Ireland’s capital should be the first stop on every traveler’s list. Cobblestone streets abound, adding to the city’s charm, but most visitors revel in Dublin’s vast and storied history. Its museums are top notch. The Kilmainham Gaol, for instance, offers a unique and intimate look at the country’s struggle for independence. Ireland’s largest metropolis, Dublin is also its most diverse. This culminates in a phenomenal variety of culinary offerings and a vast and interesting music scene. 


Northern Ireland’s most famous gem, Belfast was once a place best avoided. Violent clashes between Catholics and Protestants marred the city’s image and created segregated areas of town. It’s impossible to ignore the city’s remarkable redevelopment, which began wholeheartedly after the Good Friday Agreement (circa 1998). Areas such as the Cathedral Quarter and Victoria Square have been rejuvenated. The River Lagan has been cleaned up and its banks improved and revitalized. The city’s Titanic Quarter, which is dedicated to preserving the memory of the doomed ship (which was built in a local shipyard) features one of the most popular tourist attractions in Belfast—the Titanic Belfast museum. You’ll also find plenty of restaurants to write home about, as well as an opera house, zoo, and botanic gardens.


Galway is teeming with life. Around every corner of this eclectic city lies music, art, or colorful buildings to immediately brighten your spirit. The city’s bohemian vibe is unmistakable, and it lies in stark contrast to Galway’s iconic elements such as the historic medieval town walls and striking stone bridges that cross the River Corrib. You never know when you’ll bump into a dancing couple or a street performer balancing on a ladder while juggling axes. When it comes to food, Galway is an up-and-coming gastronomical superstar. Surrounded by fertile fields and a vast ocean, chefs have the freshest food at their fingertips, and they use it to create delectable dishes so tasty you’ll want to lick your plate clean. Other top Galway tourist attractions include the Galway Market, St. Nicholas’ Church, and Galway Cathedral.
When your feet are tired of grooving and your belly is ready to burst, rest your head at one of these best hotels in Galway.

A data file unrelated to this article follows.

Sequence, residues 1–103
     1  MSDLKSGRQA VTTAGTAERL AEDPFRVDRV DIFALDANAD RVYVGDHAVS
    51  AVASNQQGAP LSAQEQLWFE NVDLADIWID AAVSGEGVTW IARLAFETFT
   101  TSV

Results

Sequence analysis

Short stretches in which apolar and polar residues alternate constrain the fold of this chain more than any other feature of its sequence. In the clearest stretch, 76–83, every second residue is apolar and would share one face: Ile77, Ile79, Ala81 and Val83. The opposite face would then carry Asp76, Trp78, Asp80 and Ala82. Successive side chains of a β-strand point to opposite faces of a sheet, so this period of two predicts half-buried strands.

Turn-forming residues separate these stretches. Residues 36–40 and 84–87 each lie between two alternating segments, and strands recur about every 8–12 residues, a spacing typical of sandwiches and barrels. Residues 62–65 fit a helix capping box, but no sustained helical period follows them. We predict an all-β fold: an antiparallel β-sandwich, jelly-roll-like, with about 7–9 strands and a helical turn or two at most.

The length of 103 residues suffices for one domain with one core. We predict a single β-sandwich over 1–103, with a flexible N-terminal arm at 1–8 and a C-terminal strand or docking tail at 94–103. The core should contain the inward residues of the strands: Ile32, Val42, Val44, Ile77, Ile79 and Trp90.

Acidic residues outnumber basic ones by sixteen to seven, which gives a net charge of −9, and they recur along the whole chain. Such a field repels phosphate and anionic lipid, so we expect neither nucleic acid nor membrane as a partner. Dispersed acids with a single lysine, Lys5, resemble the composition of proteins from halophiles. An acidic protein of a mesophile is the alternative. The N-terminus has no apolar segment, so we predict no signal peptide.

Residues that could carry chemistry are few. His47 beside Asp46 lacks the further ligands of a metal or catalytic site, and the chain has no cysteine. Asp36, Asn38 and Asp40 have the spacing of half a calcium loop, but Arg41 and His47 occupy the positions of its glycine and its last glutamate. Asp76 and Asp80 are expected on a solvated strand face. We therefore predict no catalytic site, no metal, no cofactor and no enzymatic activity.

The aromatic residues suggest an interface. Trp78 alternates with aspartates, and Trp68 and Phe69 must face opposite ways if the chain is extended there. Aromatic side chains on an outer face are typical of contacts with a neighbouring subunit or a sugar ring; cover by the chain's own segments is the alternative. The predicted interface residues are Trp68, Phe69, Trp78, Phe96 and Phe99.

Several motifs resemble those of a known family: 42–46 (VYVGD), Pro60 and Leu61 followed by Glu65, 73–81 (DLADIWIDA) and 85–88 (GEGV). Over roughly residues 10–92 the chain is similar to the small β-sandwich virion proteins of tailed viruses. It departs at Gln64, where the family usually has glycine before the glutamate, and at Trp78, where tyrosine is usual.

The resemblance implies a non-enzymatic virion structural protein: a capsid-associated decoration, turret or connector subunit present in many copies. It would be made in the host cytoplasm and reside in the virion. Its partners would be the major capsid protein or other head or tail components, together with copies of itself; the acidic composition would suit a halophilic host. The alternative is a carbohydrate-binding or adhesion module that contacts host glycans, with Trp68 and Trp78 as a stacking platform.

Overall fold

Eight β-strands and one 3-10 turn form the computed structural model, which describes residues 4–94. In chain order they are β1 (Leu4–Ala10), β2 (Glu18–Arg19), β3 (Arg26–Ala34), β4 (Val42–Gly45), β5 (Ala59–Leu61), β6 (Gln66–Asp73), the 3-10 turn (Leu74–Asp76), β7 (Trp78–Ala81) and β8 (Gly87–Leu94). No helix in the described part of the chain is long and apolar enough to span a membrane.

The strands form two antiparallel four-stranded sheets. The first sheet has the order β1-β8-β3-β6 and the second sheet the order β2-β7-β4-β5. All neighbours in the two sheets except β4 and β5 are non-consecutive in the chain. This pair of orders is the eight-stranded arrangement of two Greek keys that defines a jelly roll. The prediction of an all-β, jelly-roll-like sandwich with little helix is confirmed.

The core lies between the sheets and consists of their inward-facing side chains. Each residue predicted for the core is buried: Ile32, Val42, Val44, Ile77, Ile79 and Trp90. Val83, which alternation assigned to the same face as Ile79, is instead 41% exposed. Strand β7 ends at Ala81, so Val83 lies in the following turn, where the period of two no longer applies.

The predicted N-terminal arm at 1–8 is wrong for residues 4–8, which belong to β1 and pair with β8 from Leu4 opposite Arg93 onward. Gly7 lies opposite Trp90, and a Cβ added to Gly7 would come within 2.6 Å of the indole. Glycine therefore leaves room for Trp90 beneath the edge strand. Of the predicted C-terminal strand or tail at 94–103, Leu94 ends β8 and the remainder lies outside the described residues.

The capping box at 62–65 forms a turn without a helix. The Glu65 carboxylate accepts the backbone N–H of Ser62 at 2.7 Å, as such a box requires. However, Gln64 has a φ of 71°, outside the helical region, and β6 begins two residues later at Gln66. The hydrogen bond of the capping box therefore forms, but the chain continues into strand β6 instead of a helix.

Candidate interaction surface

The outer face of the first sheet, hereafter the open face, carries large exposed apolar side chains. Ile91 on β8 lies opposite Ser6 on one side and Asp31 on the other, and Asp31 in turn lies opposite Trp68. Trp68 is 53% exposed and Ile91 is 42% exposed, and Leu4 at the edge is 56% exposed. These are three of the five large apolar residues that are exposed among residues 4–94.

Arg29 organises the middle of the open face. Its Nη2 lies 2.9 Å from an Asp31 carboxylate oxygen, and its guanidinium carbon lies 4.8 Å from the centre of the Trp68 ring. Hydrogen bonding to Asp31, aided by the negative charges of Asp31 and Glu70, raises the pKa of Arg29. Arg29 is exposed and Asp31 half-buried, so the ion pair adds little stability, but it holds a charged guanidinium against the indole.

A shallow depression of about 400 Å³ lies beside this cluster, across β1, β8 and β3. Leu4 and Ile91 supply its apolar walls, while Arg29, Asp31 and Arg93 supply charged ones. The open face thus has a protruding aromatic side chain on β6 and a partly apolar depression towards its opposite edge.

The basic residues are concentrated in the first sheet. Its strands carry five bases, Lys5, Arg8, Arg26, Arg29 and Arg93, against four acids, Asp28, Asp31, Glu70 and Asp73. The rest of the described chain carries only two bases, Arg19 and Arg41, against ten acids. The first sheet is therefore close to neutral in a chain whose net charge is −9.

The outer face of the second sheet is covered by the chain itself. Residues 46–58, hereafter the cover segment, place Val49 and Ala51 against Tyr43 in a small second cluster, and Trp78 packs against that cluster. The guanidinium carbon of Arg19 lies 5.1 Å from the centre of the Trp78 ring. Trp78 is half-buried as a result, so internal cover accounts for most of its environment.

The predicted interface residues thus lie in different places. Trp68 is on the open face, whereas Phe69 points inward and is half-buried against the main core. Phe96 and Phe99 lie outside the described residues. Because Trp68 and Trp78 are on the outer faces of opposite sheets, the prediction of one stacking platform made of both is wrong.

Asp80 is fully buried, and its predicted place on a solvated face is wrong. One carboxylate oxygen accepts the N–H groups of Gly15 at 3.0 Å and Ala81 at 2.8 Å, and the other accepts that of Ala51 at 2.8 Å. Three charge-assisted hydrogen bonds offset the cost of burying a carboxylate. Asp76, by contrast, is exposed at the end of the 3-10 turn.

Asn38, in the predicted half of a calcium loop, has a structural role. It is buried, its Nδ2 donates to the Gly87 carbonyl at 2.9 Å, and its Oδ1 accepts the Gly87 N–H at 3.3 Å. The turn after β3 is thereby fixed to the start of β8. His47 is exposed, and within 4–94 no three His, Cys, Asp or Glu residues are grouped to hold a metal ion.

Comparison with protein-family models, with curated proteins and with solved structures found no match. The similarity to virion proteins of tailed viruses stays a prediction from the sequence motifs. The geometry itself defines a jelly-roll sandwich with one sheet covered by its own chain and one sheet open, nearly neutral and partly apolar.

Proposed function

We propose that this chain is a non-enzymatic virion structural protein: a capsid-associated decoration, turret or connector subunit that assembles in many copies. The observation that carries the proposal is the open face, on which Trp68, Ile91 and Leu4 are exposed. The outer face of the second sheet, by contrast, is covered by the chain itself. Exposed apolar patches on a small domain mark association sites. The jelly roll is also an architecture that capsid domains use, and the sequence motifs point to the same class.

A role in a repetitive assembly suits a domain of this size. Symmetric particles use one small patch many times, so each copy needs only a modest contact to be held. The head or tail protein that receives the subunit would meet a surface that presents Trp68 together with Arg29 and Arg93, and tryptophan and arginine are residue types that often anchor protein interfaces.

Deemed Ireland’s first “Irish City of Culture,” Limerick is a city with grit, and a lot of new found glitz. You’ll find an updated waterfront and the bustling Newtown Pery Quarter, which boasts shops and restaurants able to compete with those in any booming metropolis.
Considering this island city (which sits between the rivers Shannon and Abbey) spent much of its 1,100-year past under siege, the revamp is particularly impressive. Grand Georgian buildings line streets peppered with eclectic art galleries and museums.


The best view of Kilkenny can be had from the 20-meter Round Tower. From here, you’ll catch a bird’s-eye glimpse of the limestone-infused town’s winding alleyways and maze of streets. Back down on land, you’ll find plenty of things to occupy your time between meals. When it’s time to get your nosh on, the wide array of fine restaurants and cute cafés will please any palate. Cars aren’t necessary when exploring this quaint city. Running alongside the River Nore are charming Georgian buildings and the nearby Kilkenny Castle, all of which are worthy of a visit.


There aren’t many places that boast a museum dedicated to butter. Nor are there a lot of cities that welcome you as warmly as Cork. The second largest city in the Republic of Ireland (Dublin is the first), Cork is arguably one of the most cosmopolitan. As a result, you’ll find all types of gastronomic delights, as well as diverse art galleries, interesting shops, and unique museums (remember the Cork Butter Museum mentioned earlier).
A revitalized waterfront, rejuvenated streets, and an influx of quirky eateries lend both charm and elegance to this once downtrodden metropolis.

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